A National Museums NI spokesperson maintained the organisation follows the relevant legislation, ethical standards and “best practice guidelines” in relation to its possession of human remains, and does not hold any human remains under 100 years old.

National Museums NI also referenced that current attitudes “towards the treatment of human remains” are “markedly different” from when the human remains were acquired.

The spokesperson added: “Whilst the motivation behind the acquisition of ethnological material generally can appear strange today, it reflected a curiosity about the wider world and a desire to present diverse cultures in Belfast.

“Of course the European bias and power imbalances that characterised this collecting leave a complex and sensitive legacy to address today.”

We previously reported on how National Museums NI says it holds 4,500 objects, 800 of them from Africa, in its World Cultures collection which is connected to the Ulster Museum – but told us it had no plans to repatriate any to their countries of origin.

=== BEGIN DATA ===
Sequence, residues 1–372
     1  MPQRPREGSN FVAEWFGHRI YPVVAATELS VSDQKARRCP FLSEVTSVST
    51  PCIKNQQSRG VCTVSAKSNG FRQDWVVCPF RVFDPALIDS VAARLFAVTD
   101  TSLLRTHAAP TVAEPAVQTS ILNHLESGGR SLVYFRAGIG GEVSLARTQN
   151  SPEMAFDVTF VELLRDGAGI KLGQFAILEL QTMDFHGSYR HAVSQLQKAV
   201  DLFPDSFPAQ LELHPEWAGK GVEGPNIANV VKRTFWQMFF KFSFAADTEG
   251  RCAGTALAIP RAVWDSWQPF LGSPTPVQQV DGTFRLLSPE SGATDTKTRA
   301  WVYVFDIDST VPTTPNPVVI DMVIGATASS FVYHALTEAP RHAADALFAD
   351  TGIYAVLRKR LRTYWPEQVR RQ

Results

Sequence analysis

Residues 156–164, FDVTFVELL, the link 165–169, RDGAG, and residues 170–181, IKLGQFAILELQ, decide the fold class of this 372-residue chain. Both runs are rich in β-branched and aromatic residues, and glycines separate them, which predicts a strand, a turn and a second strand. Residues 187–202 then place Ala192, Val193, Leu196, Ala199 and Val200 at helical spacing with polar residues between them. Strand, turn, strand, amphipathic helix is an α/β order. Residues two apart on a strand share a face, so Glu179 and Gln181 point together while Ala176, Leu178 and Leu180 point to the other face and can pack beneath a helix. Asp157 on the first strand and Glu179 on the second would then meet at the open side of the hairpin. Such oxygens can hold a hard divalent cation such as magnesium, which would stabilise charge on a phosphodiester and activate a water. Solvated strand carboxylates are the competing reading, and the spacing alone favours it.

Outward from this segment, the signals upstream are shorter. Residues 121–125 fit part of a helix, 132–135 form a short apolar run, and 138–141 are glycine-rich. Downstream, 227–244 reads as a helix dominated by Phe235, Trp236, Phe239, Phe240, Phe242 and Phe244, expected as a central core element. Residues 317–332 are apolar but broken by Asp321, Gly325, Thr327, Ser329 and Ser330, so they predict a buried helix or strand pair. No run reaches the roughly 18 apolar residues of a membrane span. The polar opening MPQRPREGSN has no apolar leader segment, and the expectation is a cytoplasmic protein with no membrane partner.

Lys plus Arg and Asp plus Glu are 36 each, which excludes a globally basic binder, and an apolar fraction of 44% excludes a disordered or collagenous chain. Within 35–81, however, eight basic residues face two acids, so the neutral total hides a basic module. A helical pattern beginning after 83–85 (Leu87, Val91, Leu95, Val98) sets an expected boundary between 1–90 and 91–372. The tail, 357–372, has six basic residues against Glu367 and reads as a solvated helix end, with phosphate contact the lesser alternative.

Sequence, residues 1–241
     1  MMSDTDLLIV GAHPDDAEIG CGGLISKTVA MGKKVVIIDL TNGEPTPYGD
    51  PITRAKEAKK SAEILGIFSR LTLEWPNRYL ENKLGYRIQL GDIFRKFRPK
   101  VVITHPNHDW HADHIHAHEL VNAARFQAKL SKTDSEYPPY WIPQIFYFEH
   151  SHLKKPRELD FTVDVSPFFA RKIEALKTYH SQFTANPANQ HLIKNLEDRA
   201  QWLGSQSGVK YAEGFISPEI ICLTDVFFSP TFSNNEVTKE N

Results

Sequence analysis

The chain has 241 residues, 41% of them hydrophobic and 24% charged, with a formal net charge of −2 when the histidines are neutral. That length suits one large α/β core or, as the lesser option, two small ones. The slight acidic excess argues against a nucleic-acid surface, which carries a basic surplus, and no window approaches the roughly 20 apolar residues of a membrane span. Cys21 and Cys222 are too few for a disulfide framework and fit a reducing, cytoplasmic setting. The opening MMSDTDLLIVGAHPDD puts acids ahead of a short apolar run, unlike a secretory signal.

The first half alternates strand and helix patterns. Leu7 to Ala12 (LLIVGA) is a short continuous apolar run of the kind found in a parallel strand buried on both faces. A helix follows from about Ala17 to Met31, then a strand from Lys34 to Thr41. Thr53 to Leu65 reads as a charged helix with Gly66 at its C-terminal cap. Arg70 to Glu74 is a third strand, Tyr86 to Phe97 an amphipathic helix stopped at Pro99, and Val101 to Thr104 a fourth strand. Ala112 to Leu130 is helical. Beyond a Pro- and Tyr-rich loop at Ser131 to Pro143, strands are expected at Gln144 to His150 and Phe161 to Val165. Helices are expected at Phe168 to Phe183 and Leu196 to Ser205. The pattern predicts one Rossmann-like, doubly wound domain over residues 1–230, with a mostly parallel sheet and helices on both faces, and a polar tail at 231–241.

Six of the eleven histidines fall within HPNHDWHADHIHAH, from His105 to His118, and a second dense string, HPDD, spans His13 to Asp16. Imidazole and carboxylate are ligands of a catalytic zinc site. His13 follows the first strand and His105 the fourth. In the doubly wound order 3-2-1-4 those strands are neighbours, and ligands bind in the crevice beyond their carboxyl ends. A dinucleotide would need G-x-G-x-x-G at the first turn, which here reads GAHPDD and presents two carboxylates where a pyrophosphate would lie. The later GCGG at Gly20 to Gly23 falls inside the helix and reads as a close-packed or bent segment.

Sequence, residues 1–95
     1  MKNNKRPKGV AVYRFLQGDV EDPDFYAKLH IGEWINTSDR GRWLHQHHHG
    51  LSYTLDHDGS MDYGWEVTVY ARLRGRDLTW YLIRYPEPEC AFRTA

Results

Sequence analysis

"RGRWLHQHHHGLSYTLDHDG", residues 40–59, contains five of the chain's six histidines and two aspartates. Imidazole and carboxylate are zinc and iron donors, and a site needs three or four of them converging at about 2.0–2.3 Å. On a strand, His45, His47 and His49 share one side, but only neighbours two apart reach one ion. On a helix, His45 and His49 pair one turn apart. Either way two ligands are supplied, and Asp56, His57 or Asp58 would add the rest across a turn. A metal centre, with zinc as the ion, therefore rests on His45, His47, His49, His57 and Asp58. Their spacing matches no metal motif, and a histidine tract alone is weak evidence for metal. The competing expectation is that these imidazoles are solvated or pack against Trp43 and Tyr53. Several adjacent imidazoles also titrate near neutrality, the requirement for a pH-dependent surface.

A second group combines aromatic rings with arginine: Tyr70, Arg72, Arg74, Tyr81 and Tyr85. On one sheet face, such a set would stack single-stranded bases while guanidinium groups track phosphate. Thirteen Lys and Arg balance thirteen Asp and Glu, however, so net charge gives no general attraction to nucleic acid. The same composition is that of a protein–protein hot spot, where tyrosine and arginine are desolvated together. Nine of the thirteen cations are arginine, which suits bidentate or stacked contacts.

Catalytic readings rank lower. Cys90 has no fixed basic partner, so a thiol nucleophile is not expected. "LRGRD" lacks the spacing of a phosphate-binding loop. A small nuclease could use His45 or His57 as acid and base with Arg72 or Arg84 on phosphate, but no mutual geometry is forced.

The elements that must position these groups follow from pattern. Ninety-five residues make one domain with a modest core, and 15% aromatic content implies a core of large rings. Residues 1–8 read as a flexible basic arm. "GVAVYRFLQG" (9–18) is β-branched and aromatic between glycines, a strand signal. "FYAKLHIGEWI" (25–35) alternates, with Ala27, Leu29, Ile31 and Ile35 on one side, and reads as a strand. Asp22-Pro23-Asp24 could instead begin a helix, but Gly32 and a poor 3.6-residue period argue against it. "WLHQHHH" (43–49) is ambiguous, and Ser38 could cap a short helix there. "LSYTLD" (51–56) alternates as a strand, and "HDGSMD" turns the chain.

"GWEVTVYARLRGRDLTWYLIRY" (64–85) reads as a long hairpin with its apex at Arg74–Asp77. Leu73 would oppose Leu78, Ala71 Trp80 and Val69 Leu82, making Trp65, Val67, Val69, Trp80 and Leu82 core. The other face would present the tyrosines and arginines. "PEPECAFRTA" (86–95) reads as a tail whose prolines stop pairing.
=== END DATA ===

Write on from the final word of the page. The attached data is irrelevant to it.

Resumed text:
While National Museums NI has been involved in discussions around the restitution of African objects since the summer of 2020, a spokesperson had said there is “no guarantee” it will repatriate these items.

However, National Museums NI did say it was “willing and open” to enter into dialogue about the subject “in a general sense and in terms of specific objects”, and that it continues to engage in discourse on these issues.

In addition, the agency has now said that it anticipates restitution will come as a result of its engagement with the Australian Institute of Aboriginal and Torres Strait Islander Studies.

This is the latest in a series of articles which The Detail has partnered with the Belfast Media Group to produce.

Each of these articles examine the historical connections between some of our local institutions and slavery, and colonialism.

We previously reported on how Queen’s University Belfast is examining the background of the institution’s historical benefactors, to establish whether they had any links to slavery and how the Stormont Executive was criticised for failing to progress plans to acknowledge racial inequality.